Dos Santos hangs on
Angola’s new president Joao Lourenço has little chance of imposing his own stamp on the MPLA
In a carefully stage-managed process, Angola’s ruling Movement for the Popular Liberation of Angola (MPLA) has passed the presidential baton from José Eduardo dos Santos to former army general Joao Lourenço in an election marked by low turnout in even its Luanda stronghold.
After early provisional results showed strong gains by two of the main opposition parties, the Nacional Elections Centre (CNE) stopped providing regular updates and the website of the Casa-CE coalition crashed under heavy traffic, never to recover.
By the time CNE announced the final results last Friday, even die-hard ruling party supporters found it hard to muster much more than just a sigh of relief and the odd loud self-congratulatory car convoy. The results were announced under heavy security and in empty streets.
No-one expected the MPLA not to win, but the margins — 150 parliamentary seats for MPLA, 51 seats to Unita, 16 seats for Casa-CE, two for the PRSA and one to the FNLA — raised more than a few eyebrows.
Reports from Luanda during voting said queues were short while those from opposition strongholds like Huambo said voting took several hours because of long queues. Opposition claims of rigging were dismissed by the CNE and the constitutional court, whose functionaries and judges are hand-picked by the ruling party.
As a result, Angola will have its first new president since 1979, with Lourenço automatically assuming the position under constitutional changes — pushed through parliament in 2010 under Dos Santos — that eliminated the direct election of the Angolan president by voters.
The former defence minister’s rise marked a subtle shift of power within the MPLA, from its political to its military wing. It was, however, a negotiated exit from the stage, but not from power, for the Dos Santos clan, who control all the economy’s commanding heights.
Lourenço was not Dos Santos’s first choice as successor. He favoured Manuel Vicente, former CEO of national oil company Sonangol and MPLA vice-president, or his own billionaire daughter Isabel, who replaced Vicente as Sonangol CEO in 2015.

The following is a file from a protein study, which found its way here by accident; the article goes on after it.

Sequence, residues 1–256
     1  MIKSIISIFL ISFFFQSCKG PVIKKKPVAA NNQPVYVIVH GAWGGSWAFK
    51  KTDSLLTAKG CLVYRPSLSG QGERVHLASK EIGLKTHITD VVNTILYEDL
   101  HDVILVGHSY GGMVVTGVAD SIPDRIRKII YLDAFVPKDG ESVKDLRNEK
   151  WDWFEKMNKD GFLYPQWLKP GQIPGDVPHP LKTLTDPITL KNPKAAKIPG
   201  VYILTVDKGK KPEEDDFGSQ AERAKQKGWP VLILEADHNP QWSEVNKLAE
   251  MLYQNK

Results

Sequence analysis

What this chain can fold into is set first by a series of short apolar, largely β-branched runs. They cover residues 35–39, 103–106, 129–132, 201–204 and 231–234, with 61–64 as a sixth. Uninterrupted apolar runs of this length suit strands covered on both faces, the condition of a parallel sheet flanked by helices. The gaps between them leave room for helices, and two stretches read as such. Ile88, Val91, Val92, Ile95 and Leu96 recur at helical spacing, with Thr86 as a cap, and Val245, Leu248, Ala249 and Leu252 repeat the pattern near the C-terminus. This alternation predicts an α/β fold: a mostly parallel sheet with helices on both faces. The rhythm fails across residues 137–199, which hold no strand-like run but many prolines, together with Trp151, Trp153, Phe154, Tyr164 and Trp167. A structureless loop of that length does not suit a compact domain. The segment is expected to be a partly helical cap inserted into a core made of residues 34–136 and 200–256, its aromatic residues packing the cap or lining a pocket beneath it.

Dos Santos, 75 years old and in failing health, will remain on as party president and in near-total power: under a series of presidential decrees issued two months ago, he froze any new top appointments to any of the military, security and intelligence services until 2025.
The 63-year-old Lourenço, a struggle stalwart and former Soviet-trained artillery general who was elected as MPLA secretary-general in 1998, was something of a surprise choice, having fallen out of favour in 2001 when he openly expressed ambitions to succeed Dos Santos and was forced out of office shortly afterwards.
Following rebel leader Jonas Savimbi’s death in a hail of bullets in 2002 and the resurgence of the post-war Angolan economy, Lourenço served as one of two vice-presidents in the national assembly from 2003 to 2014. He was appointed defence minister in late 2014. As a native of the central port town of Lobito, and later governor of the remote Mexico province (both strongholds of Unita), Lourenço does not have a real political constituency of his own.
And it was not until 2014, as far as could be established, that he became a member of the so-called Casa Militar, the permanent para-military adjunct to the office of the president that serves as a type of super-cabinet in allocating national funds. Its members are hand-picked by Dos Santos.
During the campaign he promised to diversify the economy away from its oil dependency, tackle corruption and restart an economy that has contracted by 3.6% over the past year.
Lourenço’s most pressing priority will be to solve the acute foreign-exchange liquidity crisis. Most foreign banks were unwilling to lend more US dollars to Luanda because most of its oil income is pledged to China in an oil-for-infrastructure deal, said Alex Vines of Chatham House.
With Isabel dos Santos (44) holding the national purse strings as Sonangol CEO, and Lourenço surrounded by securocrats he cannot dismiss or otherwise remove (and with a parliament packed by his predecessor’s loyalists), his options for imposing his own stamp on the MPLA appear limited.